Technology is changing and snaking its way into everything. Today’s smart, connected devices include everything from the watch on my wrist to the sensors in your refinery. From industrial applications to retail and healthcare, the Internet of Things (IoT) is allowing innovation in every aspect of life.
Just recently, a team of engineers at Tufts University announced the development of a prototype smart bandage that can actively monitor the condition of a chronic wound and deliver treatment as needed to assist the body’s natural healing process.
Not yet clinically tested, the team’s research was published in the journal Small and looks to transform bandaging from being a passive treatment into an active one. The research mainly focused on chronic skin wounds from burns, diabetes and related conditions that can lead to persistent infections and even amputations.
“We’ve been able to take a new approach to bandages because of the emergence of flexible electronics,” said Sameer Sonkusale, Ph. D. professor of electrical and computer engineering at Tufts University’s School of Engineering and corresponding co-author of the study, in a statement. “In fact, flexible electronics have made many wearable medical devices possible, but bandages have changed little since the beginnings of medicine. We are simply applying modern technology to an ancient art in hopes of improving outcomes for an intractable problem.”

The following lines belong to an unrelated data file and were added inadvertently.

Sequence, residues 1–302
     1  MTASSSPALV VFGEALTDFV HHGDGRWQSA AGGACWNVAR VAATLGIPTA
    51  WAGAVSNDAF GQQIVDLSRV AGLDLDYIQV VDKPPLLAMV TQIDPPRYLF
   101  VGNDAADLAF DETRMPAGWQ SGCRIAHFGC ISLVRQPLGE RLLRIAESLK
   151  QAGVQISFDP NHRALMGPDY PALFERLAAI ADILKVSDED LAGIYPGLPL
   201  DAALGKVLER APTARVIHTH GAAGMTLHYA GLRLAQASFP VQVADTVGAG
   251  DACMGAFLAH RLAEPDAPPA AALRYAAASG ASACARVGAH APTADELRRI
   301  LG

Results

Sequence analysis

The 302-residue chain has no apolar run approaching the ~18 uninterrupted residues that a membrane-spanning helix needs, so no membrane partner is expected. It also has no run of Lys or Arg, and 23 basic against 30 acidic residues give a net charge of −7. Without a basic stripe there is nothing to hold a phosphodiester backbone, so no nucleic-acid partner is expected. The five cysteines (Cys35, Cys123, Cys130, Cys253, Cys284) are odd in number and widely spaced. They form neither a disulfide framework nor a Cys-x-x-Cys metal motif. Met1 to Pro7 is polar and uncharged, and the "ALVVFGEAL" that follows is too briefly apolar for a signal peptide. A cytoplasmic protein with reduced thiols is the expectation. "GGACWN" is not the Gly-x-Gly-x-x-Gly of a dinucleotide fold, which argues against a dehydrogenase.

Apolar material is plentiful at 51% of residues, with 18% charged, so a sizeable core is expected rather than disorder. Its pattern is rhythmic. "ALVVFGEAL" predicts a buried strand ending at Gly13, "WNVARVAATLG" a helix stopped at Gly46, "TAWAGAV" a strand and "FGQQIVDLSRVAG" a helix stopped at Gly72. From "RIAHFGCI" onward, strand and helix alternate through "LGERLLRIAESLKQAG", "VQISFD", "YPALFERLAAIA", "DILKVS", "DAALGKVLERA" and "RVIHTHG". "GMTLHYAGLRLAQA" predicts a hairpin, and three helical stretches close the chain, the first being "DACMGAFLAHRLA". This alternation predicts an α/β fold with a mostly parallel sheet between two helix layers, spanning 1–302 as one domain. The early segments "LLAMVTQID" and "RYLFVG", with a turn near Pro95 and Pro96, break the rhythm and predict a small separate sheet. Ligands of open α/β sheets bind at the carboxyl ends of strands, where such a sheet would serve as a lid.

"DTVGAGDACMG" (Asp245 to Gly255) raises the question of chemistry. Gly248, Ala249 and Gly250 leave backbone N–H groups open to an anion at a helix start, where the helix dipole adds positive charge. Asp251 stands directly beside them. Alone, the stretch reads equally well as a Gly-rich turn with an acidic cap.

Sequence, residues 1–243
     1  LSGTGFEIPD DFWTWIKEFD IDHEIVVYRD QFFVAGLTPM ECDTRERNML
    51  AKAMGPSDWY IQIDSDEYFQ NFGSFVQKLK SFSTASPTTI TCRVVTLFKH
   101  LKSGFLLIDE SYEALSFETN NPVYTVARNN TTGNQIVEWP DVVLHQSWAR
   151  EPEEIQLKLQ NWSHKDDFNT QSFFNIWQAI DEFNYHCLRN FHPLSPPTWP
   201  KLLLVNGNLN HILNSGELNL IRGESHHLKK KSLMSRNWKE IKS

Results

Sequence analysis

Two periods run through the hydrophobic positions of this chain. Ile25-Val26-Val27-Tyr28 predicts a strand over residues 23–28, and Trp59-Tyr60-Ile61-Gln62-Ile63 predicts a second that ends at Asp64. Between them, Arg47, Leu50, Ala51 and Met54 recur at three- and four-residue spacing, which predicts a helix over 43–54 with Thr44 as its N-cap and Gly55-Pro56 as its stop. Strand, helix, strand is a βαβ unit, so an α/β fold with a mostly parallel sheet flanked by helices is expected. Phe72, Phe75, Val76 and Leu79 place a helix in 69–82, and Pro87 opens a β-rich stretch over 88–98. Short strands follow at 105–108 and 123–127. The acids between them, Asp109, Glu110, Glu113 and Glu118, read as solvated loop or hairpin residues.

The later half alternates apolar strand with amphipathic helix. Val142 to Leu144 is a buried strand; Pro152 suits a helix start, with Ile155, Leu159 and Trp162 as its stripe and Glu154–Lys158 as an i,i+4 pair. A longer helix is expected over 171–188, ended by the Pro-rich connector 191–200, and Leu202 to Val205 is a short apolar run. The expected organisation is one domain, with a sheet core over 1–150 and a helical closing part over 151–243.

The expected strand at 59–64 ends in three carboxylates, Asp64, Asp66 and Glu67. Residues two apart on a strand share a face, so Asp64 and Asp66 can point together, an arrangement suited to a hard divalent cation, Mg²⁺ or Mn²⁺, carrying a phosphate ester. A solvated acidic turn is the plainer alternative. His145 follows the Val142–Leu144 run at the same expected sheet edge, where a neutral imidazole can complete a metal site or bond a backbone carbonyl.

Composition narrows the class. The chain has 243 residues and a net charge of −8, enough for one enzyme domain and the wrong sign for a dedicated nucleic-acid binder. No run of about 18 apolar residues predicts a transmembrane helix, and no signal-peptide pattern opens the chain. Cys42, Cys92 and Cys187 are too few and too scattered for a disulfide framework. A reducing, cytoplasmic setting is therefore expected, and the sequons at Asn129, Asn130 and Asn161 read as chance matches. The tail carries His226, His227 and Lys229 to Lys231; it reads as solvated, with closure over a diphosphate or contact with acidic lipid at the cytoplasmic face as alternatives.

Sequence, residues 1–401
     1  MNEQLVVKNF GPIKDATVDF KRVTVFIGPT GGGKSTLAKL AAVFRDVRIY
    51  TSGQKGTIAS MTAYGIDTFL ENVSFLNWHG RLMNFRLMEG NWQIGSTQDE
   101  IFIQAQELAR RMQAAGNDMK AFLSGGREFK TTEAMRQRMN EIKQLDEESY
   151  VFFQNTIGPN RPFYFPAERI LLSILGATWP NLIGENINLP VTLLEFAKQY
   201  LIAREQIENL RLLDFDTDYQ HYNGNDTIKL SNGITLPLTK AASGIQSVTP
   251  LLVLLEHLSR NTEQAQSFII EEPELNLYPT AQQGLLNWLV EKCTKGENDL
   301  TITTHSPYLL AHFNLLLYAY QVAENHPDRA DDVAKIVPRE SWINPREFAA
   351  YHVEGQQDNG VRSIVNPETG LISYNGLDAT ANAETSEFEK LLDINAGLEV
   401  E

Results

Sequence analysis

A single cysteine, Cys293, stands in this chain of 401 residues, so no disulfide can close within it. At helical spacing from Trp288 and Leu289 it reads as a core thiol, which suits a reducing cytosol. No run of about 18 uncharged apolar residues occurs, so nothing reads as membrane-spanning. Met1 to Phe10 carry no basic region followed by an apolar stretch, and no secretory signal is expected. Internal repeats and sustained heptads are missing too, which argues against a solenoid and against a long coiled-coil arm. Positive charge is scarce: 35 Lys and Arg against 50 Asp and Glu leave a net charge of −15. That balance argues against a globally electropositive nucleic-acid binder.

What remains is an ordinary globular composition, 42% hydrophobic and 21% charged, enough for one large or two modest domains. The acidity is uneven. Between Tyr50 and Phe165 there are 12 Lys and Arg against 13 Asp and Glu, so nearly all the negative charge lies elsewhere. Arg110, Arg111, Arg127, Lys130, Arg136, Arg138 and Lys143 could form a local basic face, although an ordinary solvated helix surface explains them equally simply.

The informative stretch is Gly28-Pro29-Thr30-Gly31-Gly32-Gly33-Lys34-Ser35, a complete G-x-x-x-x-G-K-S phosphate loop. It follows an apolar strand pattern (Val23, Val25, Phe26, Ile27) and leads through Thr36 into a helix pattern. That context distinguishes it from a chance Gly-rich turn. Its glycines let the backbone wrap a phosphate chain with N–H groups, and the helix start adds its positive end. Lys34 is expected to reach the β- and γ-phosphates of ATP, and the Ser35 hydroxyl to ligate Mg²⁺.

The smart bandage provides real-time monitoring and delivery of treatment with limited intervention from the patient or caregivers.
So, how does it do that?
Key parameters for monitoring the healing process include: pH, which for normal healing wounds falls at 5.5 to 6.5, while a non-healing infected wound can have pH well above 6.5; and temperature, which offers information about the level of inflammation in and around the wound.
The smart bandages combine pH and temperature sensors with flexible sensors for oxygenation, which were developed by Sonkusale and his team, to monitor the healing process. Once the sensors collect the data, a microprocessor analyzes it and can release a drug.
The construct is attached to a transparent medical tape to form a flexible bandage less than 3 mm thick. The components were selected to keep the bandage low-cost and disposable, except for the reusable microprocessor.
“The smart bandage we created, with pH and temperature sensors and antibiotic drug delivery, is really a prototype for a wide range of possibilities,” Sonkusale said. “One can imagine embedding other sensing components, drugs and growth factors that treat different conditions in response to different healing markers.”
Although I don’t want to find myself needing one of these smart bandages any time soon, the possibilities that this prototype presents, as Sonkusale pointed out, are immense. Unless I become less clumsy, which is unlikely, I might find myself on the market for one of these solutions one day.